In April, police raided an HIV clinic in Kampala because they claimed it was “recruiting” gay people.

In April, police raided an HIV clinic in Kampala because they claimed it was “recruiting” gay people.

Uganda’s Ministry of Health says that health care providers must offer health services to LGBT people without any form of discrimination.

This follows concerns that the country’s Anti-Homosexuality Act will not only allow health care providers to discriminate against LGBT people but will compel them to do so.

It’s feared that doctors, clinics and researchers will need to ‘report’ LGBT people to the authorities, which will further drive the community underground and affect the country’s battle against HIV.

In a Ministerial Directive, dated June 2014, the Health Ministry admits that the new law “is seen to add to the ethical dilemmas faced by health care providers.”

It reiterates, however, “the rights of Ugandans including minority groups to access health services based on the principles of inclusion, non-discrimination, privacy and confidentiality, accountability and transparency in health care.”

Dr. Ruhakana Rugunda, the Minister of Health, adds in the document: “The Government of Uganda would like to reassure all citizens, development partners, and other stakeholders of its commitment to uphold and protect all individuals in line with the International Instruments to which the country subscribes.”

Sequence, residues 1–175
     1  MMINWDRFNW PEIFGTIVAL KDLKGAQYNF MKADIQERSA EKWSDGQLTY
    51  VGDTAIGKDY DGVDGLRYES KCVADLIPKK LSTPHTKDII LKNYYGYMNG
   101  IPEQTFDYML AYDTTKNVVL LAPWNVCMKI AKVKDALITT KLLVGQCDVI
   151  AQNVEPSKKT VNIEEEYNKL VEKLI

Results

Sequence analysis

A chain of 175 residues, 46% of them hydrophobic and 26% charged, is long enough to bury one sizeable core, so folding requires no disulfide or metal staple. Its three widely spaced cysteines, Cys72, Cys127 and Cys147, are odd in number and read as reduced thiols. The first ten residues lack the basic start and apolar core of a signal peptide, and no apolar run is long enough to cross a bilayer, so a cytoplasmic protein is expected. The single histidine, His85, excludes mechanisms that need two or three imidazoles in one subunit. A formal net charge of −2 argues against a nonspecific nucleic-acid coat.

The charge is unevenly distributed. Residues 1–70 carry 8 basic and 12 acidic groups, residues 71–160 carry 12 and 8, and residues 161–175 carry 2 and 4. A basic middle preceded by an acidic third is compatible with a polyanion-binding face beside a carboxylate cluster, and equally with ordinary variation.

The directive states that no health facility or health care provider is allowed to discriminate against patients on grounds including sexual orientation. It also states that “all clients have a right to privacy in the course of consultation and treatment.”

It explains that “a health care provider shall observe the patient’s confidentiality and privacy and shall not disclose any information regarding the patient,” except in cases of preventing a disease outbreak or as a consequence of a court order

The directive also outlines steps that members of the public, patients and institutions can take to report discriminatory treatment or conduct by health care providers.

The document appears to be part of a desperate government effort to appease international donors and partners following global outrage and aid cuts in response to the signing of the Anti-Homosexuality Act.

In a letter, HIV activists on Tuesday described the directive as a “useful attempt” but said that it is unlikely to inspire confidence in members of the LGBT community who fear being jailed for life simply for engaging in consensual same-sex sex.

They also pointed out that in April an American-funded HIV clinic in Kampala was raided after police claimed that it was “recruiting” gay people, which compromised the rights of patients in the clinic.

The activists insisted that despite the directive, there is an “immediate need” to scrap the entire Anti-Homosexuality Act because it continues to jeopardise Uganda’s public health.

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